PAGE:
Academic journal article Nineteenth-Century Prose

Etymological Investments: The Political Economy of Language from Carlyle to Ruskin

Academic journal article Nineteenth-Century Prose

Etymological Investments: The Political Economy of Language from Carlyle to Ruskin

Article excerpt

This paper examines how the emerging field of "new philology" shaped the nineteenth-century critique of political economy advanced by Carlyle and Ruskin. Carlyle viewed the systematic rhetorical conventions of political economy as a threat to all forms of discourse. Written in a climate of rigorous philological debate, On Heroes and Hero-Worship sought through rhetorical eccentricity and linguistic innovation to resist the mechanization of language as a source of cultural meaning. Writing amidst very different philological debates later in the period, Ruskin developed Carlyle's implicit critique into a direct attack on political economy in Unto this Last, but, in attempting to reform rather than resist the discourse, deployed a systematic rhetoric that could only duplicate the machine of language.

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What is the work of writing in an age of mechanical reproduction? A century before Walter Benjamin posed such a question for the modern work of art, Victorian writers explored this similar dilemma. From the 1830s forward, the rapid growth of print culture encouraged the professionalization of writing and made concrete the perception of the written word as a commercial product. The work of writing--both the product and the production--thus reflected the technological advances of modern industrial culture as well as the ideologies that shaped it. Diagnosing the cultural costs of industrialism in his 1829 essay "Signs of the Times," Carlyle suggests that "Literature, the printed communication of Thought ... has its Paternoster-row mechanism, its Trade-dinners, its Editorial enclaves, and huge subterranean, puffing bellows; so that books are not only printed, but ... written and sold, by machinery" (248, 235). Carlyle's use of mechanism, the keyword of the essay, conflates the term's abstract reference to organizational structure with its more specific reference to the action of a machine--a conflation reinforced by his metaphorical use of "bellows" to pun on "puffing," the reviewer's art of rhetorical inflation and excessive praise. Enacting what John Holloway has called a "verbal argument" (41-49), Carlyle employs this strategy throughout the essay, using metaphor and other rhetorical figures to underscore a point he makes explicit only in passing: "Not the external and physical alone is now managed by machinery," he declares, "but the internal and spiritual also" (234). Against the impersonality and spiritual emptiness of mechanized social experience, Carlyle's use of metaphor as a form of argument represents his resistance to the anonymity of printed language, the way that "printing removes language and places it and its effects beyond the control of the writer" (Armstrong 5).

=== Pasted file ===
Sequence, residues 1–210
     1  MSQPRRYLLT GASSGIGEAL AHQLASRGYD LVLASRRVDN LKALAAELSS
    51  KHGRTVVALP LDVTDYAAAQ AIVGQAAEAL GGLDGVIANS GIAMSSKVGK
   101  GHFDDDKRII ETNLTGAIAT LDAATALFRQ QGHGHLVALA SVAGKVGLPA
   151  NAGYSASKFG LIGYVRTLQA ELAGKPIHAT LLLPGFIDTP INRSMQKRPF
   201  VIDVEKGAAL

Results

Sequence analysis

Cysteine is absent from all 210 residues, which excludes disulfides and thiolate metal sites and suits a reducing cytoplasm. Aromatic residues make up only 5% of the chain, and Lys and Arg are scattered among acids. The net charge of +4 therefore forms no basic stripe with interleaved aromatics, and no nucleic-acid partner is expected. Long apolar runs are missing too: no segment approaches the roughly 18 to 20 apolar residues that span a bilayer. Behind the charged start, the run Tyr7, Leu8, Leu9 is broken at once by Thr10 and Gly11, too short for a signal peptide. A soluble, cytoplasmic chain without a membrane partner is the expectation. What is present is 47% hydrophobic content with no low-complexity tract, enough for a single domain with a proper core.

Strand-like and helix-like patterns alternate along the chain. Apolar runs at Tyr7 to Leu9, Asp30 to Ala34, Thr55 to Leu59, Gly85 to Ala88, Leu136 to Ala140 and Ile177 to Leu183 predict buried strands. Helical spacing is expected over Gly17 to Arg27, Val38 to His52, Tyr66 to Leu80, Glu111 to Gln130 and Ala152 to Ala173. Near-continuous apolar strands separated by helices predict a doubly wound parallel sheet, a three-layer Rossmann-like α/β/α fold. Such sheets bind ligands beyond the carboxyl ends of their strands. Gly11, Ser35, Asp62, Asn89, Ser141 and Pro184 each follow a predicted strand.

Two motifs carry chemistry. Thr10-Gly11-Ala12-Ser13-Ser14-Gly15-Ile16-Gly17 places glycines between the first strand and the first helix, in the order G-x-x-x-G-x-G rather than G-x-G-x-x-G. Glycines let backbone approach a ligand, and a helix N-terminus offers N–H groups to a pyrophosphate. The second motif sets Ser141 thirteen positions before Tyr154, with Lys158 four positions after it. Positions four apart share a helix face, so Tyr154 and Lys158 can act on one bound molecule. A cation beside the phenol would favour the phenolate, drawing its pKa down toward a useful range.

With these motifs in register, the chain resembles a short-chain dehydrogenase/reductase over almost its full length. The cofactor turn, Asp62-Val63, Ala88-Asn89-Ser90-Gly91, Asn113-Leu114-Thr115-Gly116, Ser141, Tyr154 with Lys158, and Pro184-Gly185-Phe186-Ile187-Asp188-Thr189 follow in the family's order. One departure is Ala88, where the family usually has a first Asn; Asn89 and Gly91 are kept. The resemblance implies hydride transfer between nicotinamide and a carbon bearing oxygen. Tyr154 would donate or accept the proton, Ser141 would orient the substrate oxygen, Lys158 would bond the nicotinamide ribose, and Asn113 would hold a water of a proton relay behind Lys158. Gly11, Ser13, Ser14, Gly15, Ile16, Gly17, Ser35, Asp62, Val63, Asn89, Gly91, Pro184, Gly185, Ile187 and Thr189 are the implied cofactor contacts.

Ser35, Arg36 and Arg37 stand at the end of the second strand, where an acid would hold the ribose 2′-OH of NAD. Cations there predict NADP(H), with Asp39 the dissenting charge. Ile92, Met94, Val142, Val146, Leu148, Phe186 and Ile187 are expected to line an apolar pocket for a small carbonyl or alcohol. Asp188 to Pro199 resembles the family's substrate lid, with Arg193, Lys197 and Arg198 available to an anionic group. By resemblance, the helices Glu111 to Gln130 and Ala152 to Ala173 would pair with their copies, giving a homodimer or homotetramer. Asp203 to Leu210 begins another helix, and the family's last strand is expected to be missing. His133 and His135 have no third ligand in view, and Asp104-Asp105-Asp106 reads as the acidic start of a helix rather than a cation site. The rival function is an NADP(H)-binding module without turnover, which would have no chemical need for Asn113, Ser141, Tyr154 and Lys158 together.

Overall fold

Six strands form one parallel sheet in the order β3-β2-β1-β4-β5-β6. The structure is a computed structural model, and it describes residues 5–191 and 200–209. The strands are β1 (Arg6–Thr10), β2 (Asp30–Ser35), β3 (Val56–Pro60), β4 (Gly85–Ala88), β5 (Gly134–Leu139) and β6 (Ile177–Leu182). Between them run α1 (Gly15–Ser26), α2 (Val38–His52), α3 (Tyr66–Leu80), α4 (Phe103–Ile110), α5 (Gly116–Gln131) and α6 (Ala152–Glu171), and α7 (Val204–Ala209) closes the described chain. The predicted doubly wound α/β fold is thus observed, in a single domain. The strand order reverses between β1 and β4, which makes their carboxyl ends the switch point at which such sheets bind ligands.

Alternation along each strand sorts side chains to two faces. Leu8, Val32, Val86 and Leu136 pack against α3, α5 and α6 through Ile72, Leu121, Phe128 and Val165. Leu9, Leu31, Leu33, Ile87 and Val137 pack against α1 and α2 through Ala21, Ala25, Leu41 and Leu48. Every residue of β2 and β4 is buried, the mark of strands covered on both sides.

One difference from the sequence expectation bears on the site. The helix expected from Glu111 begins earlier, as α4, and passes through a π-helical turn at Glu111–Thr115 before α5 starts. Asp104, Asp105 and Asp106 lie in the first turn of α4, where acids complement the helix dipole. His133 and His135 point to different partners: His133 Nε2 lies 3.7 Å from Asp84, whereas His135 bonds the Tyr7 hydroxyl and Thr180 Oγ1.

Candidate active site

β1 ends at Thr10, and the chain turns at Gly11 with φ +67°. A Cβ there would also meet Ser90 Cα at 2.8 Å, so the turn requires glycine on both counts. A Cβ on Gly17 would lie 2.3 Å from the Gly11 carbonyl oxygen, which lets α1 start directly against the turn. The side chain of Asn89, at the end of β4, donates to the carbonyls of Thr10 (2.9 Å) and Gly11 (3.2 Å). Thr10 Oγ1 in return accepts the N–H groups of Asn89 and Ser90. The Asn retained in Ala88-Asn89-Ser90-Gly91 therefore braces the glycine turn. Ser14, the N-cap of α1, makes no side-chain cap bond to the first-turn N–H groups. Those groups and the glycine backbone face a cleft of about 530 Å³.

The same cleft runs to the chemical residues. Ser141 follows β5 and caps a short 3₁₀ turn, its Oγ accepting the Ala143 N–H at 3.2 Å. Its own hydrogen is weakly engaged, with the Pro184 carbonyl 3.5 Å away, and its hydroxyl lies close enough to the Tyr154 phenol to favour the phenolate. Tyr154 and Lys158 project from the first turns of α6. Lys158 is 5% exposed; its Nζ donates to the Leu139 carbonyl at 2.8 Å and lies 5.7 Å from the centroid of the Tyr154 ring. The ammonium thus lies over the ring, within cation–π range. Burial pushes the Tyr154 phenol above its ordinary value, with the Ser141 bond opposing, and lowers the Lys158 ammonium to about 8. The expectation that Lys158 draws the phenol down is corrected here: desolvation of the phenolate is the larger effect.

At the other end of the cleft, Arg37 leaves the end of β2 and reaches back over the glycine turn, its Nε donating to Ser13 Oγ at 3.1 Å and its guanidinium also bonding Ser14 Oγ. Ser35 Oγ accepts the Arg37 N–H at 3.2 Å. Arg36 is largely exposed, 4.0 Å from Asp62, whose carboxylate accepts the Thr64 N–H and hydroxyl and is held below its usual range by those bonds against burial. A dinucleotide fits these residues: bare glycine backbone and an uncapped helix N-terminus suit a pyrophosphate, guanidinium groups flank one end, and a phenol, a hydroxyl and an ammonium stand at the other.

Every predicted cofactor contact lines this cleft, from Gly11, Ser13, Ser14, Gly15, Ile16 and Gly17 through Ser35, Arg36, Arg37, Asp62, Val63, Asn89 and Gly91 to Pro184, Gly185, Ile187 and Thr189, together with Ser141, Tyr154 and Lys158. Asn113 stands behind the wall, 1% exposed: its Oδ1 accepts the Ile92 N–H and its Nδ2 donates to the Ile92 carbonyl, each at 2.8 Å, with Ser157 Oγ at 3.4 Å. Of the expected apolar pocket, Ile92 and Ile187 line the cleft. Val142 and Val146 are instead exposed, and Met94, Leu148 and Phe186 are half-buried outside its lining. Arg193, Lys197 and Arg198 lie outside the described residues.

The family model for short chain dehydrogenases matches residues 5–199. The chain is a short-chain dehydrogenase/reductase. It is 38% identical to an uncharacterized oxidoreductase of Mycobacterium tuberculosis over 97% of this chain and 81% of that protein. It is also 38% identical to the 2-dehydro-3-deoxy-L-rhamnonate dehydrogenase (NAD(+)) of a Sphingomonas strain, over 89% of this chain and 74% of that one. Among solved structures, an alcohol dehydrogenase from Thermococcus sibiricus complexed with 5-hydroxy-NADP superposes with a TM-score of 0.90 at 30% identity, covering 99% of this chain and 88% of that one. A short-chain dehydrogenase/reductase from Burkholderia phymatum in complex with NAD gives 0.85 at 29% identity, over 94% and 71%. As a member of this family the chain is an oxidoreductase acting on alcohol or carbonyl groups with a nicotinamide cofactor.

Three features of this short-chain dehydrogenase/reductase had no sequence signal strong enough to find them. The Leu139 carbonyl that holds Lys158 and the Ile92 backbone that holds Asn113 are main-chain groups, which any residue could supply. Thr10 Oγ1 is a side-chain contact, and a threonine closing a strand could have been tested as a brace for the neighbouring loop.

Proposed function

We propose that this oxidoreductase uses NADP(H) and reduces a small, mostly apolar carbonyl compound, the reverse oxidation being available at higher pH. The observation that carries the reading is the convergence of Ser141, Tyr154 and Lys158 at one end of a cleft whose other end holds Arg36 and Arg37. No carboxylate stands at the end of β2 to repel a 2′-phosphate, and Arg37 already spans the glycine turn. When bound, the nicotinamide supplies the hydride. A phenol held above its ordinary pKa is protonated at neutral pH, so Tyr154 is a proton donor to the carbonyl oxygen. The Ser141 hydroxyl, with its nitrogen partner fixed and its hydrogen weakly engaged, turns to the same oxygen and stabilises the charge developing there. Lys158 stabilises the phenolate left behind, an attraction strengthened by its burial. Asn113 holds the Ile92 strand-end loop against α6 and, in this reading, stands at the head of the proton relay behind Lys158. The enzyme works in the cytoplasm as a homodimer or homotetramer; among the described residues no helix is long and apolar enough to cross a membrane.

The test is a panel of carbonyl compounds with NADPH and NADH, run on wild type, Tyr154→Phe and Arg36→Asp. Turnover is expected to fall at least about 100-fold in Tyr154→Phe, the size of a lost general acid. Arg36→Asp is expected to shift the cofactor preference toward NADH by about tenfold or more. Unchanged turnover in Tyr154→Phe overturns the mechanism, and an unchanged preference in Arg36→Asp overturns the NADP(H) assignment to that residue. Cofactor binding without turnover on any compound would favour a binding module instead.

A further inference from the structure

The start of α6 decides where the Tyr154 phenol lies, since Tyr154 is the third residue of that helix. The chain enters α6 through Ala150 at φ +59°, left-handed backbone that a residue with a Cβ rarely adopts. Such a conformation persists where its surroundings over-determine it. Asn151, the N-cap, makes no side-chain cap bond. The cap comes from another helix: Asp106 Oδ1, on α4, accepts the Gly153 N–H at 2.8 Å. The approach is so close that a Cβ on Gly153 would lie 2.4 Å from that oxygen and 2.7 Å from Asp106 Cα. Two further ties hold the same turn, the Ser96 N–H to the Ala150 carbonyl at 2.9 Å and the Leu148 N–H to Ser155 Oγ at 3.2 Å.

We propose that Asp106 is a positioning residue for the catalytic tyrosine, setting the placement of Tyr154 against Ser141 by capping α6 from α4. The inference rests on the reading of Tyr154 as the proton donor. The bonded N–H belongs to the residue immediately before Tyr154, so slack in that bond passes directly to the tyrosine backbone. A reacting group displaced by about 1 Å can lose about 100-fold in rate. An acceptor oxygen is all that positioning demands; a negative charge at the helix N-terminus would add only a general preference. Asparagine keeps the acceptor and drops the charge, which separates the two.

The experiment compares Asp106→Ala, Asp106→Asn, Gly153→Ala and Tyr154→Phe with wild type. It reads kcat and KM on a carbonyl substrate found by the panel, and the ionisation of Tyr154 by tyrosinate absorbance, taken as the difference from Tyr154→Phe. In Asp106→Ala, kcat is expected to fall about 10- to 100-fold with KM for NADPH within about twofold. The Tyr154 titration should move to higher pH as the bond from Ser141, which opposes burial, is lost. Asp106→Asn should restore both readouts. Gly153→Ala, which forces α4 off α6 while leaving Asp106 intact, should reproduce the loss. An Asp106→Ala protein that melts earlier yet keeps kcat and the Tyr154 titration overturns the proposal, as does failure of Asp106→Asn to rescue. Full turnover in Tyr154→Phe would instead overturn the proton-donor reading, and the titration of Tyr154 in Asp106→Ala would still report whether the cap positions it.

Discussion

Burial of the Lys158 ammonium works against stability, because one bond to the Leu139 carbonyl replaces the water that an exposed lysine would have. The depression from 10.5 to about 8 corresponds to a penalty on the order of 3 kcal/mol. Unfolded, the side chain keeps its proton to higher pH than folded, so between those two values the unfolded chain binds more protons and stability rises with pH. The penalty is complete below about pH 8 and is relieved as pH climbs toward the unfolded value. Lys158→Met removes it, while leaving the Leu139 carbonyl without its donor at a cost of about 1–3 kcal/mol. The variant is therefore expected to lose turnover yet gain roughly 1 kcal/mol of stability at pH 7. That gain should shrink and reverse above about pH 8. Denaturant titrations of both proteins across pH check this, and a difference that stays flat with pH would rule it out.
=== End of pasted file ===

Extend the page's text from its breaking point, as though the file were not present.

The cultural status of the work of writing is a central preoccupation in Carlyle's prose, and his belief in writing as a heroic activity forms part of his faith in work itself as a heroic form of worship. Carlyle's valorization of work opposes an industrialized culture that made people "mechanical in head and in heart, as well as in hand" ("Signs of the Times" 235), and takes part in a broader protest against the discourse of political economy seen to shape and systematize industrial society. Yet political economy itself resisted critique, for through its dominance as a cultural discourse it threatened to subsume the cultural authority not only of writing but of language itself. Carlyle identifies the mechanization of language as symptomatic of a culture spiritually impoverished by industrialism and the discourses that supported it. Tracing mechanistic modes of experience to mechanistic forms of expression, he opines that "Intellect, the power man has of knowing and believing, is now nearly synonomous with Logic, or the mere power of arranging and communicating. Its implement is not Meditation, but Argument." Writing and rhetoric thus reflect the assumption that "what cannot be investigated and understood mechanically, cannot be investigated and understood at all" ("Signs of the Times" 245, 238). …

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